News Release

Researchers study Eurasia’s winter weather under a “triple-dip” La Niña

La Niña will impact Eurasia’s weather for third year in a row

Peer-Reviewed Publication

Institute of Atmospheric Physics, Chinese Academy of Sciences

In the summer of 2022, scientists predicted that a “triple-dip” La Niña—three years in a row of La Niña conditions—is very likely to occur during the winter of 2022. During La Niña winters, Eurasia often experiences colder conditions. So a team of researchers set out to study what the Eurasian climate will look like in the upcoming 2022 winter.

Their findings are published in the journal Advances in Atmospheric Sciences on November 19, 2022.

To better understand the current La Niña, the team studied a variety of climate models. “Almost all the climate models we examined predict an overall warm condition over most of Eurasia. It somewhat contradicts the knowledge that La Niña facilitates cold Eurasian winters, especially when the Arctic sea ice is still at its low level compared with the historical average,” said Lin Wang, from the Institute of Atmospheric Physics, Chinese Academy of Sciences (CAS).

The team suggests these results may arise partly from global warming or the models' biases. “Nevertheless, some post-processes to the model outputs indicate a possibility of below-normal temperature over mid-latitude Eurasia. Hence, there is still a chance of severe winter or some cold spells over Eurasia in the upcoming winter,” said Wang.

La Niña is a climate pattern in the Pacific Ocean that can impact weather worldwide. During La Niña, trade winds blowing along the equator are stronger than usual and push more warm water toward Asia. These shifts push the jet stream northward. During La Niña winters, the northern hemisphere often experiences frequent cold air outbreaks and heavy snowfalls.

Anticipating the triple-dip La Niña, scientists wondered how it would impact weather on a large scale. The climate in Eurasia is of great concern because of the dense population there. “How the 2022-2023 winter weather and climate over the Eurasian continent respond to such a significant global climate signal and whether the Eurasian continent will experience a cold winter or not is an urgent question for seasonal climate prediction,” said Fei Zheng, from the Institute of Atmospheric Physics, CAS.

The team used an ensemble approach, based on four different state-of-the-art coupled general circulation models developed at the Institute of Atmospheric Physics to study the weather in the coming winter. Seasonal predictions for surface air temperature and precipitation anomalies were carried out using this ensemble approach. To increase the accuracy of their study, the team calculated the prediction anomalies relative to the average of hindcasts for the years 2002 to 2021.

In a typical La Niña winter, the meridional temperature gradient in Eurasia's middle and high latitudes favors the formation of an abnormal ridge near the Ural Mountains. This circulation system is a key contributor to the East Asian cold waves. With this blocking high system in place around the Ural Mountains, cold air accumulates over Central Siberia. Then when the blocking high collapses, cold air spreads over China, leading to cold waves. This blocking, along with the East Asian winter monsoon and an atmospheric phenomenon known as North Atlantic Oscillation, all have an effect on the winter climate in Eurasia.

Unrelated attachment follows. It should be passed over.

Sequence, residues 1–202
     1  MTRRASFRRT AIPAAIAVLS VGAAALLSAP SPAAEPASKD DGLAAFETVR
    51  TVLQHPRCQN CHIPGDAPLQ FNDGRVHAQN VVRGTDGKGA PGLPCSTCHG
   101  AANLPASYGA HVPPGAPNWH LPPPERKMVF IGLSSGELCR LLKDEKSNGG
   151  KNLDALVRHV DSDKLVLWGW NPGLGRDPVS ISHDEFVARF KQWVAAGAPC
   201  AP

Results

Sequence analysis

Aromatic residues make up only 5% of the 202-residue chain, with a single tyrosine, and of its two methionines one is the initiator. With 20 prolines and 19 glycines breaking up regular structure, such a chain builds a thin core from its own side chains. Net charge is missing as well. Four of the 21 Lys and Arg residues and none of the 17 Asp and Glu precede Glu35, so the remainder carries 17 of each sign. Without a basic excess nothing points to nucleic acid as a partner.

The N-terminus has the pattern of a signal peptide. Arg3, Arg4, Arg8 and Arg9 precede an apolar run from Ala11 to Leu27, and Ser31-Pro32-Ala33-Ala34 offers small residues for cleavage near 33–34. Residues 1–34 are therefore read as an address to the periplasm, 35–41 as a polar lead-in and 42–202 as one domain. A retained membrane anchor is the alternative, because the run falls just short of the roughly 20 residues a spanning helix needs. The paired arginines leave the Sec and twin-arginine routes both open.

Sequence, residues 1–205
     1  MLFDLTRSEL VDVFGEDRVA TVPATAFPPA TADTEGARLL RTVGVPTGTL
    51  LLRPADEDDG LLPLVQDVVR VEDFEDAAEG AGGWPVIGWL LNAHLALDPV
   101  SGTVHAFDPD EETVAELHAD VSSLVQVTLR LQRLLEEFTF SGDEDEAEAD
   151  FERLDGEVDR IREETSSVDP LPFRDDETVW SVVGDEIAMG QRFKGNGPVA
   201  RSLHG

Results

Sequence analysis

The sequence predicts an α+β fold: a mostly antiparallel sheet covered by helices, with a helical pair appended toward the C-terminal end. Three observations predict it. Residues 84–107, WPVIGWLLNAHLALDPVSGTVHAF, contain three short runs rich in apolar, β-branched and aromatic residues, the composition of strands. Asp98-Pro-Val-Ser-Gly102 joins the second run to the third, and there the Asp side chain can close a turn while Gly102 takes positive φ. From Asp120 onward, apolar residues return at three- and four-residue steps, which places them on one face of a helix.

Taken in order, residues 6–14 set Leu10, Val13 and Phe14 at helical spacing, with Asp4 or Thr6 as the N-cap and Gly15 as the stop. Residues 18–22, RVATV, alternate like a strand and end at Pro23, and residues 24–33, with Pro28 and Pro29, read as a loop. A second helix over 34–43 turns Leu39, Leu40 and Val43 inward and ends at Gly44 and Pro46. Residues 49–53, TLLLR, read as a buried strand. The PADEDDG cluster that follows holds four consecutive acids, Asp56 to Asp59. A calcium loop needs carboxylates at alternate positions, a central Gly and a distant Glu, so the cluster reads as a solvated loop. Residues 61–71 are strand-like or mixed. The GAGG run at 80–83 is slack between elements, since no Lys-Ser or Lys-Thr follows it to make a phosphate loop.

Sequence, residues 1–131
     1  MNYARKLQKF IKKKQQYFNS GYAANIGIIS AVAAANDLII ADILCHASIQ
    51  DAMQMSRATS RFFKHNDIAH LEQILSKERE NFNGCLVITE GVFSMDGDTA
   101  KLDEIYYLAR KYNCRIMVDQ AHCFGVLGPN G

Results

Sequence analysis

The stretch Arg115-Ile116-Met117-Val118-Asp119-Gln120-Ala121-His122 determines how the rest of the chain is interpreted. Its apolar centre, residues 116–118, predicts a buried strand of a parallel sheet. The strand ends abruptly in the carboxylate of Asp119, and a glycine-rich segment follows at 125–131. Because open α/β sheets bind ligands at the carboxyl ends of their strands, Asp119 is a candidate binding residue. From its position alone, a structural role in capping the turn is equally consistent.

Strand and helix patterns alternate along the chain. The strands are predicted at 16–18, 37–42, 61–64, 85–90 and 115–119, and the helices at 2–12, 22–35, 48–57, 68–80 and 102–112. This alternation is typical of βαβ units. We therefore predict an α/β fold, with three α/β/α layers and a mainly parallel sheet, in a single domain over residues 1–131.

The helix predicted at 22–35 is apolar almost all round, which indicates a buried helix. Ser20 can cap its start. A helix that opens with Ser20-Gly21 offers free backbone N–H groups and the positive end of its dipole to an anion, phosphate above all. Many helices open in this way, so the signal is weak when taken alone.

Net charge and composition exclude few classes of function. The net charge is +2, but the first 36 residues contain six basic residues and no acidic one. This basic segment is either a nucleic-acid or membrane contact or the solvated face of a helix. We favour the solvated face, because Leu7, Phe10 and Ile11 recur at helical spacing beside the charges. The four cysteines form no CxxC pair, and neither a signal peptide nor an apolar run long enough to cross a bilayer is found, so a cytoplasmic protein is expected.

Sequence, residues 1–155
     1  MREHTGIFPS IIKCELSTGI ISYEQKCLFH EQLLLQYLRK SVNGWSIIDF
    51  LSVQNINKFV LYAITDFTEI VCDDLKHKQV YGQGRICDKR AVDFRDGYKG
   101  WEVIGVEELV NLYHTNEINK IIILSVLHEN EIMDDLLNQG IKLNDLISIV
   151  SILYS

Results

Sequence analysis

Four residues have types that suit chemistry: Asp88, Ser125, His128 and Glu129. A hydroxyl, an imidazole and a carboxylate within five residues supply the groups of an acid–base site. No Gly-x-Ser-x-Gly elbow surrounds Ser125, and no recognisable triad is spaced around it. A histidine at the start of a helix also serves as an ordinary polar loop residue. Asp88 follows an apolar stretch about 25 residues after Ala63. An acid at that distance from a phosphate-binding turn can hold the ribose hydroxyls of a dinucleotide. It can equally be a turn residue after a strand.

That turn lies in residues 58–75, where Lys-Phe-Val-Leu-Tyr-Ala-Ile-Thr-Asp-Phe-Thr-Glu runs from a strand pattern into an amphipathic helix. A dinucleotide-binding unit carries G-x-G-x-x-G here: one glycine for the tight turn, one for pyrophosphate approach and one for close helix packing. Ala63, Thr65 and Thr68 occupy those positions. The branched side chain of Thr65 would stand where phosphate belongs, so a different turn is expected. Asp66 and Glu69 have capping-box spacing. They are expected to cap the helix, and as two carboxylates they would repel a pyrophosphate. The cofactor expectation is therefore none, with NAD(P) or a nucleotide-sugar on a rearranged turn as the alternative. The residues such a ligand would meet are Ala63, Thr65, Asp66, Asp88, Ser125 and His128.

How the future Eurasian climate will evolve in winter is still subject to some uncertainty, mostly according to the unpredictable internal atmospheric variability. “Persistently improving the seasonal forecast skills of climate models and further understanding the influencing factors and physical processes on controlling the winter Eurasian surface air temperature, especially under a global warming background, should be our ultimate goal,” said Zheng.

Looking ahead to future research, the team sees the opportunities for improved predictions. The researchers know that the winter climate in the Eurasian continent is closely associated with the North Atlantic Oscillation. But the predictive skill for the North Atlantic Oscillation is still very low. “We need to solve this problem by improving our models in North Atlantic Oscillation simulations and developing a more advanced coupled assimilation scheme,” said Bo Wu, from the Institute of Atmospheric Physics, CAS.

The team wants to continue to improve the capabilities of short-term climate prediction. “In particular, in the context of global warming, the multi-system synergistic effect on climate has become increasingly significant. How to transform the synergistic effect into an effective predictor in the model is an important scientific problem to be solved, and also a great challenge,” said Yao Yao, from the Institute of Atmospheric Physics, CAS.

The research team includes scientists from the Institute of Atmospheric Physics, CAS, the CMA Earth System Modeling and Prediction Centers, and the Department of Atmospheric and Oceanic Sciences & Institute of Atmospheric Sciences at Fudan University.

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